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Founding Member of the National Academy of Engineering—1964
BY RONALD D. SUGAR
SIMON RAMO died June 27, 2016, at age 103 in his home in Santa Monica. He is frequently cited as the father of the US Intercontinental Ballistic Missile (ICBM) ...
SIMON RAMO died June 27, 2016, at age 103 in his home in Santa Monica. He is frequently cited as the father of the US Intercontinental Ballistic Missile (ICBM) system and the founder of systems engineering.
Si was born May 7, 1913, to Clara and Benjamin Ramo in Salt Lake City. He received a BS degree in electrical engineering from the University of Utah, with highest honors, at age 20 and earned his PhD at the California Institute of Technology, magna cum laude, at age 23. He then joined General Electric Research Laboratories, where he accumulated 25 patents before the age of 30 and was cited as one of America’s most outstanding young electrical engineers.
Pioneering in the generation of microwave electricity, Si was the first in the United States to produce microwave pulses at the kilowatt level and the first to create the so-called cavity resonator magnetron, an approach later fully developed by others to become the power source for World War II’s microwave radar. He also developed GE’s electron microscope.
His early definitive papers in the leading technical journals on waves in linear and rotating electron streams detailed the relationships among frequency, stream density, electron velocity, and amplification, earning him awards from physics and electrical engineering professional societies.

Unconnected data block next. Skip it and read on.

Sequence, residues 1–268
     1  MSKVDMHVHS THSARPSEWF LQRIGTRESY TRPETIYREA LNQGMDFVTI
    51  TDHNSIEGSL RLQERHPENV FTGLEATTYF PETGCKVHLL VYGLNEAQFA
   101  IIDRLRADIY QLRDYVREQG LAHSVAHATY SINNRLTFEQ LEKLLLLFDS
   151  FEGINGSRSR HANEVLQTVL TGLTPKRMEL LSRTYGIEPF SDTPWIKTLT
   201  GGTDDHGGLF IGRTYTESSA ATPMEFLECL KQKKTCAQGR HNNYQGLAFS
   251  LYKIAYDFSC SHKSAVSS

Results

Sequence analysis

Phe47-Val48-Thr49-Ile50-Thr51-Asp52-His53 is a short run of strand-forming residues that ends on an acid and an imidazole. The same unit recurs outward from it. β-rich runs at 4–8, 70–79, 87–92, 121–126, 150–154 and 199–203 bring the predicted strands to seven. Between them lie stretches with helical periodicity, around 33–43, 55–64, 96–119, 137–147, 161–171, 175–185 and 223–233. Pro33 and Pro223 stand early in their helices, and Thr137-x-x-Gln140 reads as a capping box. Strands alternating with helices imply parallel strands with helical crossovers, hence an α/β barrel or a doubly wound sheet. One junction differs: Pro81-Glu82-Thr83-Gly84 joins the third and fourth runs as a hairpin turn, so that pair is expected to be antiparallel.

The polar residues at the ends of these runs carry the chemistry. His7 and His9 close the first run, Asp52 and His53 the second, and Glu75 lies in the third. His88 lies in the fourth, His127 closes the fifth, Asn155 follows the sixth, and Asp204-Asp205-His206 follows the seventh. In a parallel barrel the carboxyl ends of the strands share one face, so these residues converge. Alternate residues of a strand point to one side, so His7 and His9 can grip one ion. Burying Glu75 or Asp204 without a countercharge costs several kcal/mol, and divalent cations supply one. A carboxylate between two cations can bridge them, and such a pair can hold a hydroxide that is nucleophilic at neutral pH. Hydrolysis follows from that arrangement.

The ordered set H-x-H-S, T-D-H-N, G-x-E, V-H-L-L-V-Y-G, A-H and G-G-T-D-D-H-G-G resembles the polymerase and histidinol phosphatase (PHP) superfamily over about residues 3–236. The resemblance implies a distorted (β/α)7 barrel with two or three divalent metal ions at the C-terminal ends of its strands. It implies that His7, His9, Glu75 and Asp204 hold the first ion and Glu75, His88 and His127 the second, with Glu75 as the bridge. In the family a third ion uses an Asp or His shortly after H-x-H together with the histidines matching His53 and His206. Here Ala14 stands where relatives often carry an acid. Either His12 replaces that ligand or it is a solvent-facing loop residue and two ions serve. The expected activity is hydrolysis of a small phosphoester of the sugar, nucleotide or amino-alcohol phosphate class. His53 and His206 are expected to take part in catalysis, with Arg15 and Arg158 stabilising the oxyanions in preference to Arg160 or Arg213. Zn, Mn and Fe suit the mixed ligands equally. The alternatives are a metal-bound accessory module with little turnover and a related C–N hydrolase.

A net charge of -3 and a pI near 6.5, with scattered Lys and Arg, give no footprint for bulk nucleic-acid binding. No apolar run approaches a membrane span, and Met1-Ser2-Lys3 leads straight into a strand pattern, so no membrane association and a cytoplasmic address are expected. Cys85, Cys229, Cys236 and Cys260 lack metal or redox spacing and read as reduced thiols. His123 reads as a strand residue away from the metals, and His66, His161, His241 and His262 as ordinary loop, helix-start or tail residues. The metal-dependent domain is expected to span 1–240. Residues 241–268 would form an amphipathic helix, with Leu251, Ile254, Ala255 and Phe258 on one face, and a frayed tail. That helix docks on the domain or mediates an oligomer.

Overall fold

He published the first book on the characteristics of microwave electricity, Fields and Waves in Modern Radio (John Wiley, 1944), coauthored with John R. Whinnery, and in 1965, again with Whinnery, coauthored Fields and Waves in Communication Electronics (John Wiley). The latter became the classic textbook on the subject, with over a million copies sold. It is used in more than 100 universities and remains a leading text in the field.
After World War II Ramo joined Hughes Aircraft Company and launched an entirely new approach to defense electronics. He was vice president for operations over R&D, product engineering, and manufacturing. In a few years Hughes became one of the largest and most successful high-tech companies in the world. Developments at the company were basic to the air superiority of the United States and an extremely important contribution to national security.
Ramo left Hughes in 1953 with colleague Dean Wooldridge to found the Ramo-Wooldridge Corporation, later to become TRW and then part of Northrop Grumman Corporation.
At that time the USSR was well along in developing an ICBM that would be able to bypass the entire US air defense system. President Eisenhower placed the highest national priority on the United States’ gaining an ICBM system before the Soviet Union. The Defense Department asked Ramo to be the chief engineer for the project, which was to become the country’s largest.
A contract awarded to Ramo-Wooldridge for systems engineering and technical direction called for leading the development of both the missile and extensive flight test facilities in Florida and a supporting industry to supply the innovative components. The program called for unprecedented advances (10 times or more) in rocket propulsion, guidance accuracy, reentry heat containment, control precision, structures (payload to overall weight), and fuel performance, to name a few. Within five years, the US ICBM system had its first operational capability, ahead of the Russians.